A Sukkah for All
Rabbi Rami Pavolotzky
This Shabbat is Chol Hamoed Sukkot, one of the intermediate days of the festival. We don’t read one of the weekly Torah sections on this Shabbat, but a special reading related to the festival of Sukkot. Therefore, on this occasion I would like to offer a message appropriate to Sukkot.
Regarding Sukkot, the Torah commands, “You shall dwell in booths (sukkot) for 7 days; every citizen of Israel shall dwell in booths. So that your generations will know that I, God, caused the children of Israel to dwell in booths when I took them out of the land of Egypt; I am the Lord your God” (Leviticus 23:42-43).
The Torah instructs us that, on the holiday of Sukkot, we are to dwell in booths for the duration of the 7-day festival. This mitzvah applies to “all (or every) citizen of Israel,” as the verse says. It is not unusual for the Torah to address “the citizen” or to command “all Israel,” but the use of both these terms together is striking.
The rabbis of the Talmud noted this unusual expression and interpreted it in the following teaching, “All (every) citizen of Israel — this teaches us that the entire nation of Israel is able to sit in one sukkah” (Sukkah 27b).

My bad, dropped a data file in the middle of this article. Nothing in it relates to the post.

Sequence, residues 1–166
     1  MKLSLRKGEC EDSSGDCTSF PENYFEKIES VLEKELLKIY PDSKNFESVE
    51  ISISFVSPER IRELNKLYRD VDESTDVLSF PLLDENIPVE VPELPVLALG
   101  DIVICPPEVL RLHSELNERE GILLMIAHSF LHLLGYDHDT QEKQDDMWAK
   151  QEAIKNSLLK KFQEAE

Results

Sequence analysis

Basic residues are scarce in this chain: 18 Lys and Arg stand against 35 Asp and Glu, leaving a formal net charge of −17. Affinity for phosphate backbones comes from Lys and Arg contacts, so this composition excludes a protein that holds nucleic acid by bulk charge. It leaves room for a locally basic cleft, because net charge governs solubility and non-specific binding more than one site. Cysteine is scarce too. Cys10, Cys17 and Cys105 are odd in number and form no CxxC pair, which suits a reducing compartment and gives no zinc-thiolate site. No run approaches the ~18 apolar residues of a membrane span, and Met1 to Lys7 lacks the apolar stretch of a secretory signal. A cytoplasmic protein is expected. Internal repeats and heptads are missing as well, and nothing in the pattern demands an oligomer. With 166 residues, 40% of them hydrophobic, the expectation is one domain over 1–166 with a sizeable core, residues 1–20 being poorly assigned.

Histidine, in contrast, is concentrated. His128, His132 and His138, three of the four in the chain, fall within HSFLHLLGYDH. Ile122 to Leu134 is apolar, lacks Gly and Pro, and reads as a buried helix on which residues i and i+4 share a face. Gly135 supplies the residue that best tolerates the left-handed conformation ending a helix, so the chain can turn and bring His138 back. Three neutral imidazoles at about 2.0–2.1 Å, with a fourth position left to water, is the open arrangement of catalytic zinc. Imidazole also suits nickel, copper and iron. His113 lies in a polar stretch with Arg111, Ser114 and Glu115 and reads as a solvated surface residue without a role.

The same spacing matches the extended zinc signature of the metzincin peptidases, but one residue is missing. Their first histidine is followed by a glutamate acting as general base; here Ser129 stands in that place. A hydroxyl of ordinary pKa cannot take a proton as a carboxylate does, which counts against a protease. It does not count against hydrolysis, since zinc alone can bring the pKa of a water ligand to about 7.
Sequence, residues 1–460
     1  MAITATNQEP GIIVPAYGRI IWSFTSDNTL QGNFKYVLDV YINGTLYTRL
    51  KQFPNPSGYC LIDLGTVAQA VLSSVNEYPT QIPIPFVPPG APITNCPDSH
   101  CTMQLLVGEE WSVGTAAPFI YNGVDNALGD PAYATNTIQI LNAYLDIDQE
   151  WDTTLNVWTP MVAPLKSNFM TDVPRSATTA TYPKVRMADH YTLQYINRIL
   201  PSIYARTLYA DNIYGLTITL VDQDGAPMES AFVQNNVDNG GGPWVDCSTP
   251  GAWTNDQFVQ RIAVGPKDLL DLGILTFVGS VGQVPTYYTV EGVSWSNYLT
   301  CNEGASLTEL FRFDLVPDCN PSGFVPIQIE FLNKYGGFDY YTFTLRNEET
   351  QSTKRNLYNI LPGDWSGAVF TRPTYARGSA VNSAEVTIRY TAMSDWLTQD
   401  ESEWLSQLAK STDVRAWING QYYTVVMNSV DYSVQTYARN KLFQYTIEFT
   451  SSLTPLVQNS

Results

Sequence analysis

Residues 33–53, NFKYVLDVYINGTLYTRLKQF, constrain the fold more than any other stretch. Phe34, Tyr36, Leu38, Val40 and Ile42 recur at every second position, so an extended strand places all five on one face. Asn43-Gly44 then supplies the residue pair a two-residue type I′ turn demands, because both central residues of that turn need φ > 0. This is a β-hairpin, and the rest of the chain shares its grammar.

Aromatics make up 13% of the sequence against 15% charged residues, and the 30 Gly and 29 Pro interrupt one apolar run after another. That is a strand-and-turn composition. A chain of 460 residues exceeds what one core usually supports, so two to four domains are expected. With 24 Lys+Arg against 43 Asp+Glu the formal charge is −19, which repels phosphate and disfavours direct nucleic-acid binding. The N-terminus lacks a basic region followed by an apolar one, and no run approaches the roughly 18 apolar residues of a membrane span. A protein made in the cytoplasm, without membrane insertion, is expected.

What does this mean? Translation of this rabbinic statement is difficult. Is there such a big sukkah that can hold the entire people of Israel? In addition, what would it take for all of Israel to dwell in one sukkah?
Since the literal meaning of this rabbinic teaching is unreal, we should try to interpret it figuratively. In this regard, I think the meaning is that when the people of Israel is able to construct a sukkah that is intended to accommodate every member of the nation, only then will we be “fit” to dwell in this sukkah. Imagine an ideal sukkah designed with everyone’s needs in mind. Everyone is welcome, everyone feels welcome. There are no challenging openings for anyone. There is enough room for everyone. No one feels uncomfortable, unwanted or rejected. All of Israel, every single individual (or “citizen”) is welcome, regardless of religious affiliation, political trends, gender, social status, race, origin, or any other difference you may think about. When we create a sukkah that is welcoming for all of Israel, only then, we will be truly worthy of dwelling together.
Let’s hope and pray that this Sukkot will inspire us to create a big sukkah that can hold us all; and that when Sukkot is over, we can continue building Jewish “places” that are open for all Jews.
Moadim L’Simcha! Shabbat Shalom!